The Boston Institute of Contemporary Art's Seaport building was one of the sparks in the recent redevelopment of the city. The site, once a wasteland of parking lots and dive bars, seemingly grew up overnight. Check out Lucky's which still remains. In 2018, the ICA Watershed opened in East Boston, which can be reached by a ferry ride across the harbour, included in your museum ticket. The trip is worth it for the views back across the Boston skyline alone. While in Eastie you can sneak into the Downeast Cidery and drink some of their free samples. And the Seaport ICA has wonderful live music events on their expansive deck on summer evenings.

If you are feeling hungry, you have great options. Flour is a famous bakery group founded by Joanne Chang, with pastries to die for. Drink is a high-end speakeasy where one-off beverages are created for the customer and of course there's Lucky's Lounge, the area's original dive bar.

Though there are many great food trucks here, for a serious meal head to local favourite Sportello, Blue Dragon, Row 34, the Coppersmith or new addition Chickadee. Be warned, Boston's food scene is pretty fierce, so booking on the Open Table app is advised.

Back Bay
Newbury St, Boston's famed Back Bay shopping street full of designer names, is over-rated. Instead head away from the Garden to find interesting local stores. Ministry of Supply is a successful tech-driven apparel brand — you can 3D print your own garment in the store — and Johnny's Cupcakes is a stellar graphic design experience. Frye boots is a fashionable local brand with its origins in the Civil War, Muji's is a classic everything store and Reformation is a sustainable Californian brand fighting fast fashion.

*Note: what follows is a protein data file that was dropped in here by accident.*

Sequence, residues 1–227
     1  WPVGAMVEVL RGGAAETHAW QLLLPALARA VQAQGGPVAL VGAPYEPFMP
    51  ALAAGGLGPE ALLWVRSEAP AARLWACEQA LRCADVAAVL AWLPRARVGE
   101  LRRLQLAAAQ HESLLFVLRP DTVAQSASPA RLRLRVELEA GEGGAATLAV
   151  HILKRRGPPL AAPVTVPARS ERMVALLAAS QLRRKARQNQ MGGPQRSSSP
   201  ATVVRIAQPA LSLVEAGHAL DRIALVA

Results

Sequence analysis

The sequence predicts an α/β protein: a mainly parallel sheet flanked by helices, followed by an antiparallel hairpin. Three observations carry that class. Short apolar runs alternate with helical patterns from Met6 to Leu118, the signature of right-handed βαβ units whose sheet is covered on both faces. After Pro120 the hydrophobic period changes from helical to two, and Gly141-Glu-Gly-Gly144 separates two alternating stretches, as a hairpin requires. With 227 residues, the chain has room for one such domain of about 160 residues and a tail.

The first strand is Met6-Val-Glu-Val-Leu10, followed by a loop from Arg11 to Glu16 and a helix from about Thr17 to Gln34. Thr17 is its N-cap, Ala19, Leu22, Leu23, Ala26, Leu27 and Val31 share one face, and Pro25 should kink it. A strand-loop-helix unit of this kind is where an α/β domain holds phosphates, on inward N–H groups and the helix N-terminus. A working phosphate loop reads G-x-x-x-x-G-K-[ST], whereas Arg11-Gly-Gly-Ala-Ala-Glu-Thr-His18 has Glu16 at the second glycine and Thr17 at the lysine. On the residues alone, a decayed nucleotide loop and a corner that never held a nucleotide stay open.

Boston Museum of Fine Arts is the fifth largest museum in the United States. Grab a coffee in the recently added atrium beside the Chihuly sculpture and check out the photography and fashion exhibits. Summer 2019 includes Gender Bending Fashion and Georgie Friedman: Fragments of Antarctica. If you're in town during MFA Late Nites, get a ticket and join in the all-night revelry in the museum. Expect the unexpected, from DJs, to artmaking and intriguing food.

Or head to Third Thursdays at the Isabella Stewart Gardner Museum just next door. The museum lights up with live music from local musicians, thought leaders and artists in residence, just as it did when the extraordinary building was home to its namesake, one of Boston's leading ladies.

Be sure to head down Clearwater Street to local secret, the Bodega. Even if you aren't in the market for edgy street fashion, the experience of walking into an unremarkable quickie mart and then emerging in a high-end boutique behind the shelves is worth the stop, even if only to be able to say: "Yeah, I know where the Bodega is."